It won't have escaped your attention that a good section of the commentariat appears to have declared the general public to be twats.  Of course, they aren't talking about the general public at all.  The actual general public are completely indifferent to what the commentariat thinks about anything.  A good percentage of the general public never watches the news, listens to the news when it comes on the radio, reads a newspaper, or so much as visits a news site unless a huge, earth-shattering story like man bites dog breaks.  The real general public, if they are on social media, use it to stay in touch with friends and acquaintances and talk about everything other than politics or the news.  The commentariat are really talking about the people who don't agree with them.

And now, especially following the Syria vote, MPs too have decided that the general public, i.e., anyone who contacts them, are for the most part twats.  They're a bit more discreet than most hacks, but former MP Tom Harris rather lets the cat out of the bag.  Think Hugh Abbott in the have you ever had to clean up your own mother's piss episode of The Thick of It, only without agreeing with him that the public are another fucking species as it's impossible not to like him.

Harris, bless him, thinks just as how the way someone treats a waiter tells you a lot about their character, the same should be the case with how MPs get treated.  Leave aside just for a moment how there are plenty of waiters out there who could do a darned sight better job than a good number of the MPs we currently have, and just focus on the thought process behind that.  Waiters, MPs, what's the difference, apart from the power they have, the wage they get, the people they serve, the clothes they wear, the having to deal with incontinent brats barely past shaving whining about how their steak isn't precisely medium rare?  I'm stumped.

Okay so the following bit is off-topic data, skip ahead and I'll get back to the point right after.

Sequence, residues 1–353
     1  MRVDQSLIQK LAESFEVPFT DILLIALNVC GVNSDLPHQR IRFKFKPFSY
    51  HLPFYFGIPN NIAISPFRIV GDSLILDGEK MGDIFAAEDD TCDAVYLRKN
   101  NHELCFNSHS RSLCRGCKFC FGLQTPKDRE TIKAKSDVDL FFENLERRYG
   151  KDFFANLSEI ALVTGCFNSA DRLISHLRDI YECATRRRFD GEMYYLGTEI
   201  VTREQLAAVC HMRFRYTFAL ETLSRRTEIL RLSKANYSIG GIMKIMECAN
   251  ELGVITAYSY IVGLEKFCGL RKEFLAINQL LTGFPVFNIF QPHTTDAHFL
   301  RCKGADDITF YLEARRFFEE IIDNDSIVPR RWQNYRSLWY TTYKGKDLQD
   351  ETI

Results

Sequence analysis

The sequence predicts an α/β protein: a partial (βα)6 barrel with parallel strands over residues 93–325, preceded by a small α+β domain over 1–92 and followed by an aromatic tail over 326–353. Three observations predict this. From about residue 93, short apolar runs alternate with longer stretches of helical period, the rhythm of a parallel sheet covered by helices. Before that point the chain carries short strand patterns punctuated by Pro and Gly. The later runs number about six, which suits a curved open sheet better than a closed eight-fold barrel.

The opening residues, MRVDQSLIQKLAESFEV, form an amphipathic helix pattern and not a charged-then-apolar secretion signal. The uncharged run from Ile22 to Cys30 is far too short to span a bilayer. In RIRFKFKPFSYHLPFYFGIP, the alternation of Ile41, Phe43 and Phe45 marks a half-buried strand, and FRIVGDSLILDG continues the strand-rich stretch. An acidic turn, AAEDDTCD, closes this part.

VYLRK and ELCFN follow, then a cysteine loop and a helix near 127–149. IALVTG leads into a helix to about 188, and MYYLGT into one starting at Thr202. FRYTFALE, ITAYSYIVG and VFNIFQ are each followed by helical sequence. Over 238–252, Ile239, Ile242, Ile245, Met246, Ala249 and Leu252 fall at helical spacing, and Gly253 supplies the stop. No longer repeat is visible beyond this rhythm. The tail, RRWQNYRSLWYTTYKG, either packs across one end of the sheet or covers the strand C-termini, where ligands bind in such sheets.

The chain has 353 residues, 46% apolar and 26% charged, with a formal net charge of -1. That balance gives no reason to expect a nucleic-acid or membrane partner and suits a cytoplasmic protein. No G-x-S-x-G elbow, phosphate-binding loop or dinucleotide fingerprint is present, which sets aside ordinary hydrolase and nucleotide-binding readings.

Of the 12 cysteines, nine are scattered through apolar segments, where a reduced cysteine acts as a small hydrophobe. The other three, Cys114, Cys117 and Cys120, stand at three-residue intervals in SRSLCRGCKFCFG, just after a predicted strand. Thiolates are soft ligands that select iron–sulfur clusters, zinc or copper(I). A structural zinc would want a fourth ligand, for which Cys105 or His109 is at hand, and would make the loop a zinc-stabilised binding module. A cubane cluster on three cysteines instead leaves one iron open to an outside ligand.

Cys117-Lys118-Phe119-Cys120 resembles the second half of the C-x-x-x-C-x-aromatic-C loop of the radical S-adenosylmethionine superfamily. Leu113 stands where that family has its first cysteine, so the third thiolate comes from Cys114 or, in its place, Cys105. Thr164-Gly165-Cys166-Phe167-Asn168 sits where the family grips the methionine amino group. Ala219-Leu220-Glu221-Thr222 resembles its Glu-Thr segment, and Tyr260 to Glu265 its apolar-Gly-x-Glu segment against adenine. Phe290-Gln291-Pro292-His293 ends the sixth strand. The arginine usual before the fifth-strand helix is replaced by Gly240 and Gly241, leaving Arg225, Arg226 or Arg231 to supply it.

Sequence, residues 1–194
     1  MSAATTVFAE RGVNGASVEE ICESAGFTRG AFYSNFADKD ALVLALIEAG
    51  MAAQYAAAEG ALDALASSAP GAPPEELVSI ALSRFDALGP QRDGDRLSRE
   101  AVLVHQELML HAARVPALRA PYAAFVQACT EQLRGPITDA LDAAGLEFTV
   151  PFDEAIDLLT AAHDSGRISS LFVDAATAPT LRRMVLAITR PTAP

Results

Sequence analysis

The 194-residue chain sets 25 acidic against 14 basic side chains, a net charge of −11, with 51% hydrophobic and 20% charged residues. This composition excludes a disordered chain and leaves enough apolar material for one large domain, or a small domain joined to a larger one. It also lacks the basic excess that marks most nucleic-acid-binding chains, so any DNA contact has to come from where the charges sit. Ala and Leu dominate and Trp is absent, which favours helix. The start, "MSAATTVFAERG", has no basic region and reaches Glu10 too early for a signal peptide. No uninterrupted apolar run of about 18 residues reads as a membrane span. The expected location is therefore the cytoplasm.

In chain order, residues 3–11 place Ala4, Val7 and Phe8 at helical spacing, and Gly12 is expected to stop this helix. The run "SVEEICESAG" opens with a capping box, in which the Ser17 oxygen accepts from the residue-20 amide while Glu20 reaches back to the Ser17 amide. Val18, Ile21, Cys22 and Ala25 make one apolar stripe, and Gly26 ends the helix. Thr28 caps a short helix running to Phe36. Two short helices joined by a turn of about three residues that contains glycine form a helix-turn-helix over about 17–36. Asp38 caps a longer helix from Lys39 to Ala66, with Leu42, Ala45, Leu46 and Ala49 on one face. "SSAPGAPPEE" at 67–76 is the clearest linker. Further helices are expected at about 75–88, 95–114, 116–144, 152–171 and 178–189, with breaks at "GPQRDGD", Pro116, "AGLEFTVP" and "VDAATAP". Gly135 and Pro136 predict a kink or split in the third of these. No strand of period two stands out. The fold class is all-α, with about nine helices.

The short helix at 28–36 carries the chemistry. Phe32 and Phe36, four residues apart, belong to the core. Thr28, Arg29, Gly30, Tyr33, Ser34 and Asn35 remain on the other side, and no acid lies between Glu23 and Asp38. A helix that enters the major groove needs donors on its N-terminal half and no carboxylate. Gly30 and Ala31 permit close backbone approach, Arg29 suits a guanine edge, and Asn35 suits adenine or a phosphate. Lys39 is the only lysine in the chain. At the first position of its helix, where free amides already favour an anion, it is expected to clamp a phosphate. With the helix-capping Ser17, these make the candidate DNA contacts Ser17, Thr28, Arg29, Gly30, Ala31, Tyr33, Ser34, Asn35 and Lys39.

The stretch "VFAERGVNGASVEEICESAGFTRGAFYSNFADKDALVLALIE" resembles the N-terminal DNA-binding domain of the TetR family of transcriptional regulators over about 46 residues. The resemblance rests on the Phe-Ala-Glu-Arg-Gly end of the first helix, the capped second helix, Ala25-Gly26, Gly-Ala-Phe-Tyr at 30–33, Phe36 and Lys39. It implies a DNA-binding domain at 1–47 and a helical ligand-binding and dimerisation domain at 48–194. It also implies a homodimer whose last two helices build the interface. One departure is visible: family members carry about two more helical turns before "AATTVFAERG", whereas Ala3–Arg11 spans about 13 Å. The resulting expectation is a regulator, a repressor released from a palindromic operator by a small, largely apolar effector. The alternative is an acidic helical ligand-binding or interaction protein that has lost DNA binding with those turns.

Just for good measure, Harris brings up Jess Phillips MP telling Diane Abbott MP to "fuck off".  Harris and all the people cheering on Phillips don't like Abbott.  Abbott just happened on this occasion to be right, in telling Phillips to stop being so sanctimonious about women not getting top roles in the shadow cabinet when there were more women overall than ever before, but that doesn't matter.  Phillips is to put it mildly, another of those MPs who believes the world revolves around them and if their name isn't in the press on any particular day they have failed.  They adopt a faux of-the-people persona, write comment pieces about how hard it is being an MP while at the same time not suggesting for a moment that they want or deserve sympathy, and then carry on stirring the pot for all it's worth.  The media as a result love them, regardless of how idiotic, repetitive, narcissistic or publicity seeking their comments and reactions are.  Simon Danczuk and John Mann have made great careers out of being loudmouth blowhards jumping on every passing bandwagon, with only the former ever held anything approaching to account.  Phillips will apparently stab Jeremy Corbyn in the front if it comes to it, thinks the public wanted to hear from Corbo that terrorists with AKs and bombs strapped to them will be shot in the head 10 times on sight, just like that Brazilian jihadist was, and the party needs to stop going on about Trident.  Because you haven't been able to move for the Labour party obsessing over Trident of late, rather than about itself thanks to say twats like Phillips not knowing when to shut the fuck up.